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British Columbia maritime employers file a complaint with CIRB over longshore union “intransigence”


The BC Maritime Employers Association has filed a complaint with the Canada Industrial Relations Board as a result of the alleged “intransigence” of the union representing ship and dock foremen towards an offer that included “a generous monetary proposal.” The initiative was announced late last Friday.

The BCMEA and the International Longshore and Warehouse Union Ship and Dock Foremen Local 514 (ILWU Local 514) continued negotiations last week with the support of the Federal Mediation and Conciliation Service (FMCS). The BCMEA has been advancing proposals in pursuit of a balanced agreement that benefits the 730 hardworking forepersons and their families, while also ensuring B.C.’s ports remain competitive and affordable for all Canadians.

“Regrettably, given the conduct of the union bargaining committee and their intransigence at the bargaining table, the BCMEA has been left with no choice but to file a complaint with the Canada Industrial Relations Board today, which we hope will be resolved expeditiously,” the BCMEA indicated.

“The BCMEA’s most recent offer included a generous monetary proposal of a 19.2% wage increase, which would enhance the median foreperson compensation from $246,323 to $293,617 annually, not including benefits and pension.

“On top of that, the four-year proposal included a $3,243 average signing bonus and a 16% increased retirement benefit to $108,750 per worker, which are over and above employees’ pension entitlements. If the agreement were signed today, on average, eligible workers could receive a cumulative lump sum payment in the range of $15,000, inclusive of the signing bonus and retroactive pay.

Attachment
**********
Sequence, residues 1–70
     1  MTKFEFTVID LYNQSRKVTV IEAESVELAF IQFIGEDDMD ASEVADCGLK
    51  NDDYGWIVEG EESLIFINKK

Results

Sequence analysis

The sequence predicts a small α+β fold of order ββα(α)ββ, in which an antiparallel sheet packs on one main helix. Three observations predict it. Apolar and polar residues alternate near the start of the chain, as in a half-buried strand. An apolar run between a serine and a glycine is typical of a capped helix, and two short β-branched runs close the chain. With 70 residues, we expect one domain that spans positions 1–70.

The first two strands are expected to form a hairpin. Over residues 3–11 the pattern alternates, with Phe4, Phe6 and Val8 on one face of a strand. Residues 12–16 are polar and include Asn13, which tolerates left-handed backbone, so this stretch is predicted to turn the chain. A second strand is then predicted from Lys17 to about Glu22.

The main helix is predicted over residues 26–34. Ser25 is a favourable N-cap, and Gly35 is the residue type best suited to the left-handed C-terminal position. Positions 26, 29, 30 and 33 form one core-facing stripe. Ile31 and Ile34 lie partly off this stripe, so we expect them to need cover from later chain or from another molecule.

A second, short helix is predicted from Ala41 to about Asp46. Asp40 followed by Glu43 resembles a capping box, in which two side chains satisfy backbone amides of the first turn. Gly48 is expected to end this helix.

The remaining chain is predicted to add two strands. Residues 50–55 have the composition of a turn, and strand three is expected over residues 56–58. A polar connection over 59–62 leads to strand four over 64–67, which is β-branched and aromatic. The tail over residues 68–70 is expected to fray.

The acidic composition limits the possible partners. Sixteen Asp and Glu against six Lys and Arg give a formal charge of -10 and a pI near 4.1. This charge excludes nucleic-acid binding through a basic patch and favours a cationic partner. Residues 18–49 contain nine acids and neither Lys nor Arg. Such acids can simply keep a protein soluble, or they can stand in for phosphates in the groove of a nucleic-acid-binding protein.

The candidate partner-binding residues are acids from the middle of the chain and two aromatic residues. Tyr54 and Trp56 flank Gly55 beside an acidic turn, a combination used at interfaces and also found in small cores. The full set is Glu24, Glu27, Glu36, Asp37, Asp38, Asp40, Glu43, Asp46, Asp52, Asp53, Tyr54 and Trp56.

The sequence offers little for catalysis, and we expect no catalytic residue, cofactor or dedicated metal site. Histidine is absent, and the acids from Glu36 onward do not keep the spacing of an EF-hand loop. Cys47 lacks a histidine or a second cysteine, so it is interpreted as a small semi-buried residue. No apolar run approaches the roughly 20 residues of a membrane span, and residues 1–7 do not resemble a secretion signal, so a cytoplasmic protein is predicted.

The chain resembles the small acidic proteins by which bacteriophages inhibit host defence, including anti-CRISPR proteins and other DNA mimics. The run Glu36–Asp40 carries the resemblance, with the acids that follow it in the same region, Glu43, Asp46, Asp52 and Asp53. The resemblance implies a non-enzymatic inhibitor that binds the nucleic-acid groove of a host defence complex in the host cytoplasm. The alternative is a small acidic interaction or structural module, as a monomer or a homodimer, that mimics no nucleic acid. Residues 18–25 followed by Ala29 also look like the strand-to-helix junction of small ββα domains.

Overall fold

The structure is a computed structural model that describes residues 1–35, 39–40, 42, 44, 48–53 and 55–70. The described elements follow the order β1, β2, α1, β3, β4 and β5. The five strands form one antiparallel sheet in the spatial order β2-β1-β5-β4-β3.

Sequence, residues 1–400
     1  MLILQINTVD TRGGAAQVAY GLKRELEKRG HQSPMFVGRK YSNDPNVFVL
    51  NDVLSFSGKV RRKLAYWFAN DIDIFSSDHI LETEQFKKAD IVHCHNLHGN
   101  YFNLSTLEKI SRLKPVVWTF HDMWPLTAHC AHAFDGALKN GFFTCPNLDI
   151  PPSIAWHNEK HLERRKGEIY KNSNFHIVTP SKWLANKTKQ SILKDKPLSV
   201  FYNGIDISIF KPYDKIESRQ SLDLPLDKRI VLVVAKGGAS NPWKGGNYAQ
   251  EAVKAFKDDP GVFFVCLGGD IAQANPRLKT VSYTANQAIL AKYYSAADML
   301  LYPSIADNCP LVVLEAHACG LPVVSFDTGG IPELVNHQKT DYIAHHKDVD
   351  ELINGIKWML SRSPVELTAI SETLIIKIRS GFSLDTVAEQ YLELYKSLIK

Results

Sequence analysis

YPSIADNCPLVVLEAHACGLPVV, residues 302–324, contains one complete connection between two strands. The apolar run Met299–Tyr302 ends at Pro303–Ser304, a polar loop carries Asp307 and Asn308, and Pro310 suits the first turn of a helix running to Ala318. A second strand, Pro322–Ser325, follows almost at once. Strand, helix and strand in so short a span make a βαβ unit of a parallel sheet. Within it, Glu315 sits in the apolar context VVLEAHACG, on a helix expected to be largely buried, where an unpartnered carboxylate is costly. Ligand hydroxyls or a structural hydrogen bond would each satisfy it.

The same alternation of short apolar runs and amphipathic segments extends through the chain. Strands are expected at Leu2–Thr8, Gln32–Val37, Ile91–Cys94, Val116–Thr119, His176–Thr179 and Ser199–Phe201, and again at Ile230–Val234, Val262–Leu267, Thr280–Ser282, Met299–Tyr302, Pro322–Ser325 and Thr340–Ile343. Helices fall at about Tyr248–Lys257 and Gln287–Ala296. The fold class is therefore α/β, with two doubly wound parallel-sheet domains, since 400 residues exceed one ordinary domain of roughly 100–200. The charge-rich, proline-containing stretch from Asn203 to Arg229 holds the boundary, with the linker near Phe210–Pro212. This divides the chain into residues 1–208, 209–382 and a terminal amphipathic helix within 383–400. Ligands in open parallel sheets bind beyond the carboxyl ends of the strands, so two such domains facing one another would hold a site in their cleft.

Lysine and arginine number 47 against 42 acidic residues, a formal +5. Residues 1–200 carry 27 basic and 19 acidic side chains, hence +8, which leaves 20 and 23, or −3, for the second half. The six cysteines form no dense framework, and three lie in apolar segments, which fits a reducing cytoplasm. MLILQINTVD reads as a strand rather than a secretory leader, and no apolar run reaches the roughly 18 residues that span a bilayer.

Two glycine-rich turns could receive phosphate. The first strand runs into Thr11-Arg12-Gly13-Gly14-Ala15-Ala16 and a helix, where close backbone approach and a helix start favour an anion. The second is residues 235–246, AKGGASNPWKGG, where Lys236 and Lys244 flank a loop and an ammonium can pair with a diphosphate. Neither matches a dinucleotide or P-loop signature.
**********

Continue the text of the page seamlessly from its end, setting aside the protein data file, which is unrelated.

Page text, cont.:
“Despite the BCMEA’s best efforts, ILWU Local 514 has been protracting negotiations, putting Canada’s supply chain and our global trade reputation at further risk. When our ports and supply chain are threatened with disruption, cargo is diverted.

Canada’s West Coast ports suffered an enormous loss of $10.7 billion in disrupted and diverted cargo during the ILWU Canada’s 2023 strike – much of which has not returned to Canadian ports. Canada is already anticipating potential disruptions in rail and eastern ports this May 2024. ILWU Local 514’s continued disinterest in meaningful negotiations will undoubtedly impact Canada’s performance, partnerships and reputation across global markets.”

A 21-day cooling-off period concluded at 12:01 am PT on May 10. Thus, the Parties have now acquired the legal right to strike or lockout, but may not exercise their right to strike or lockout until:

  • A strike or lockout vote has been taken and,
  • A 72-hour strike notice including date and time of intended action has been provided to the other Party and the Minister of Labour. 

At the time of writing, neither Party has issued 72-hour notice, nor has there been any labour disruptions. Regular cargo and passenger operations at British Columbia’s ports continue uninterrupted.

(Port of Vancouver photo)